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## We draw a random sample, size n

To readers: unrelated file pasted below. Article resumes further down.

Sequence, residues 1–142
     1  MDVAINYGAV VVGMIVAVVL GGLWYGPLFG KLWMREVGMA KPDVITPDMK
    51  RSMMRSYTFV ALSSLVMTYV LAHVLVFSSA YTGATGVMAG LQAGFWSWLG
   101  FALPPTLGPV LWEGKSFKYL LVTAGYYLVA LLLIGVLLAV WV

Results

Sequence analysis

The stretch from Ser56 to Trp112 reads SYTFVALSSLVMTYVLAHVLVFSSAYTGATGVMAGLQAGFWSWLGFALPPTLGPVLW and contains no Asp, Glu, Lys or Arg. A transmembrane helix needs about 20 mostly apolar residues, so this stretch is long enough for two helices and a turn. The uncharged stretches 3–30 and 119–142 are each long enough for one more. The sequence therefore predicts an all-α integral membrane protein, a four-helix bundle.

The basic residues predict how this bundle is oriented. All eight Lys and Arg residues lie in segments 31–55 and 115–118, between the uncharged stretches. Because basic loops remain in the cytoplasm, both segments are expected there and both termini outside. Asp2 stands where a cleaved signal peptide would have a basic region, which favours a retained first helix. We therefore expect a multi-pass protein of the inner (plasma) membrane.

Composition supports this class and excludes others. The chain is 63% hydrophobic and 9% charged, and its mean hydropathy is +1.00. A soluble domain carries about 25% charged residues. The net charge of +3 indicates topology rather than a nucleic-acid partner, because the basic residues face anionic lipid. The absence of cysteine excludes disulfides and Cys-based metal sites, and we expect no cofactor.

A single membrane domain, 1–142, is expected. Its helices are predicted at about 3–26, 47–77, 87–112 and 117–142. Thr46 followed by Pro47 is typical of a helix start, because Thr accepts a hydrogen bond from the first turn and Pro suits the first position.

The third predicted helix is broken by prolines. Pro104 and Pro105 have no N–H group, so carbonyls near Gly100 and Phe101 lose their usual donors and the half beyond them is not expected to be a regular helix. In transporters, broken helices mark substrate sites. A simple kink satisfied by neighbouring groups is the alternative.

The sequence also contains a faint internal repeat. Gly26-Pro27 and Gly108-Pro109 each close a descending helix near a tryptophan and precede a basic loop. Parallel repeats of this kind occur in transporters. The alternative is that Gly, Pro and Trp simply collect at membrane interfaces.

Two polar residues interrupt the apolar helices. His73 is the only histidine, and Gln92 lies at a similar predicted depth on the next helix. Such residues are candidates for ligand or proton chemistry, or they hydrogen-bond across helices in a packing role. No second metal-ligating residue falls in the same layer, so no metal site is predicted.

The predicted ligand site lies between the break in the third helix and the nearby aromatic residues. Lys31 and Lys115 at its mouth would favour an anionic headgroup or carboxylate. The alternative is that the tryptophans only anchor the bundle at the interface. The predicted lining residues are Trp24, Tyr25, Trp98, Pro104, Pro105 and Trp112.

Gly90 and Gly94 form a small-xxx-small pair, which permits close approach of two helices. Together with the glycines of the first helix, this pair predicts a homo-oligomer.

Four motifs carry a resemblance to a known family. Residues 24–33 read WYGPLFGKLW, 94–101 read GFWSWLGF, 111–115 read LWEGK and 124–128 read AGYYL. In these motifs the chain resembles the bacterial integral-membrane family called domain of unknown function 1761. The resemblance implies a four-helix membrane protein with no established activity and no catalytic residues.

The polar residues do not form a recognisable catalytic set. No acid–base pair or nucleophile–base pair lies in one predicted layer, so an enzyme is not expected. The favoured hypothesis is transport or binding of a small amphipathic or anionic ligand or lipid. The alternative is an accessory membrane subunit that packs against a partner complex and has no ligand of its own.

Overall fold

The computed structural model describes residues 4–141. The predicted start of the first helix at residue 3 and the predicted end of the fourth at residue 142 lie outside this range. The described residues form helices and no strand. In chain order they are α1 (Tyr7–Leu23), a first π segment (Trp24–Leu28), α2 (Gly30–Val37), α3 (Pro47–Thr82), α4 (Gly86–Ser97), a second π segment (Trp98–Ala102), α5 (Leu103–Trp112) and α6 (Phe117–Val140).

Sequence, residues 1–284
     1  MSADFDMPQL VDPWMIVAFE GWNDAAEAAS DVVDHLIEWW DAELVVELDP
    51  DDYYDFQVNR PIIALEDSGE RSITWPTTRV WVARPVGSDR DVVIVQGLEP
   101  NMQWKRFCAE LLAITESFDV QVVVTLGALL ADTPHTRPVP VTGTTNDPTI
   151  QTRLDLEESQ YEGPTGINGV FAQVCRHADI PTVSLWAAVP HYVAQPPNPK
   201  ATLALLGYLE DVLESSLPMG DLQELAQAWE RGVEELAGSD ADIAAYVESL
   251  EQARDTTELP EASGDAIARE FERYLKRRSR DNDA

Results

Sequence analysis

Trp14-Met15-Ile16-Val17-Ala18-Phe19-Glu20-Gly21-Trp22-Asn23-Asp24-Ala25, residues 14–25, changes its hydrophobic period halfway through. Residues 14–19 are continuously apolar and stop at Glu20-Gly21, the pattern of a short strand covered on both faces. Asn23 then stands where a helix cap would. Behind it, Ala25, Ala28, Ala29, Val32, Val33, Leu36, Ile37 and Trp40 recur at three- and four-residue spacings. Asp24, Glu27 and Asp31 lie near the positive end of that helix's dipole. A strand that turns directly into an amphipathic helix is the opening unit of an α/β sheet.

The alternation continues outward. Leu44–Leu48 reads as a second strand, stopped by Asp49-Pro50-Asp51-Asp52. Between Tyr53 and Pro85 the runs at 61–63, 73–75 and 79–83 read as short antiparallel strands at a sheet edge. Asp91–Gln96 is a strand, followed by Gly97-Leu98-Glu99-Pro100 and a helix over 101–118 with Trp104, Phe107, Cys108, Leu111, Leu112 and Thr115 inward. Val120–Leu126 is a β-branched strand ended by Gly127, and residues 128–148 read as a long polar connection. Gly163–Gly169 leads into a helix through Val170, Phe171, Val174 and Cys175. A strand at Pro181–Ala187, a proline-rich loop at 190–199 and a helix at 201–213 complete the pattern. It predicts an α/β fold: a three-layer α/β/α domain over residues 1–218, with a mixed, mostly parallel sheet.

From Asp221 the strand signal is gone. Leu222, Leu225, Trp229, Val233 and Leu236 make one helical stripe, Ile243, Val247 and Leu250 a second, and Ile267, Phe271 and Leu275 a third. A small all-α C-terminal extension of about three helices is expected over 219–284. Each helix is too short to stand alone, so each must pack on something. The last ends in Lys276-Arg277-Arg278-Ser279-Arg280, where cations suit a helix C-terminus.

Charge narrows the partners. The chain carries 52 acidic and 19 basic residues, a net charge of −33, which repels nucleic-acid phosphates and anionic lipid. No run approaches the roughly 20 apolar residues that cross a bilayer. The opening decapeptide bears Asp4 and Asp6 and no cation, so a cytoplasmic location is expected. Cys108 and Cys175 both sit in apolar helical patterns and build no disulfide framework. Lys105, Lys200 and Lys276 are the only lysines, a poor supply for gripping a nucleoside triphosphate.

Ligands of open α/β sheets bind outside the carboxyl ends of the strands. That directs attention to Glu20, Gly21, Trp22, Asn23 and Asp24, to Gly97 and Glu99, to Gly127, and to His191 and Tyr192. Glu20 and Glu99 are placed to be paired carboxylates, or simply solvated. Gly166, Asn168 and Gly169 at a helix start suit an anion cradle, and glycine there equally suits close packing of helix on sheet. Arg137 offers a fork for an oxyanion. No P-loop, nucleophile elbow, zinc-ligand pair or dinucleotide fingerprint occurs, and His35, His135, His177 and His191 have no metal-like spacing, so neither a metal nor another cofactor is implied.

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**We draw a random sample, size n**• Sample mean is x-bar • Sample standard deviation is s • Estimate of population standard deviation is s. Real population standard deviation is sigma. • Estimate of sampling distribution standard deviation (standard error) is**Consider the range**• Begin with (x-bar - 2*s/sqrt(n)) • End with (x-bar + 2*s/sqrt(n))**Sampling distribution**What is p of each type of sample (1 - 6)? Sample 1 Sample 2 Sample 3 Sample 4 Sample 5 Sample 6**Note**• We earlier said population mean ± 2 standard deviations of the sampling distribution (called the standard error of the mean, or just the standard error) will include 95% of the samples. • Now we say that sample mean ± 2 standard errors will include the population mean 95% of the time**In other words**• Sample will include thepopulation mean 95% of the time. • Does not depend upon shape or distribution of the population, especially as sample size (n) increases. • When sample is small, we use alternative t distribution rather than the normal distribution**The “t” distribution**Fewer cases in the middle Fatter tails**Why the t distribution?**• We use the normal distribution when we know the standard deviation of the population. • We use the t distribution when we have to estimate the population standard deviation from the sample. In doing this we lose useful information and the resulting sampling distribution has more cases far from the mean**Why the t distribution?**• We loose one piece of information when we calculate the mean. • Consider: 1 2 3 is sample. Now fix mean at 2. What possible values can each case take if mean is 2? • This has a bigger impact when we have a small sample. • How much information is there in a sample? n pieces (n is the sample size)**Lost information**• With less information, there is more variability in the sampling distribution. • This means fatter tails and fewer cases in the middle • Look again at the t distribution. This one is for samples of size 10.**The t distribution**Fewer cases in the middle Fatter tails**Different t distributions**• There is a different t distribution for every sample size. • We label them by the number of degrees of freedom • As the sample size increases (the number of degrees of freedom increases) the t becomes more and more normal in shape**Compare at ± 2 standard errors**Sample Size Normal Prob. t Prob. Diff. 10 .0455 .0734 .0279 20 .0455 .0593 .0138 30 .0455 .0546 .0091 40 .0455 .0523 .0068 50 .0455 .0509 .0054 60 .0455 .0500 .0045 100 .0455 .0482 .0027 200 .0455 .0469 .0014 500 .0455 .0460 .0005 1000 .0455 .0458 .0003**With small sample sizes**• Mean of sampling distribution is mean of population. Our estimate is xbar • Shape of sampling distribution is t • Standard error is sigma over squareroot of n. Our estimate is**Confidence interval**• For large samples, confidence interval for mean is • For small samples, confidence interval for mean is • For large samples, confidence interval for proportions is**Conf. interval & hypothesis test**• We have been looking at confidence intervals around means and proportions • An alternative approach is to test a hypothesis. • These two approaches do much the same thing, though we state our conclusions differently**Confidence interval conclusion**• The population mean (proportion) is likely (95%) to be within this interval or**Hypothesis-test conclusion**• I am confident (95%) that this sample did not come from the hypothesized population. Therefore I reject the hypothesis. • I cannot reject the hypothesis that the sample came from the hypothesized population.**Compare**• Reject any hypothesis that was outside the confidence interval (H1) • Fail to reject any hypothesis that was within the confidence interval (H2) H1 H2**Which samples**would reject Hypothesis of mean at the blue line? Sampling distribution Sample 1 Sample 2 Sample 3 Sample 4 Sample 5 Sample 6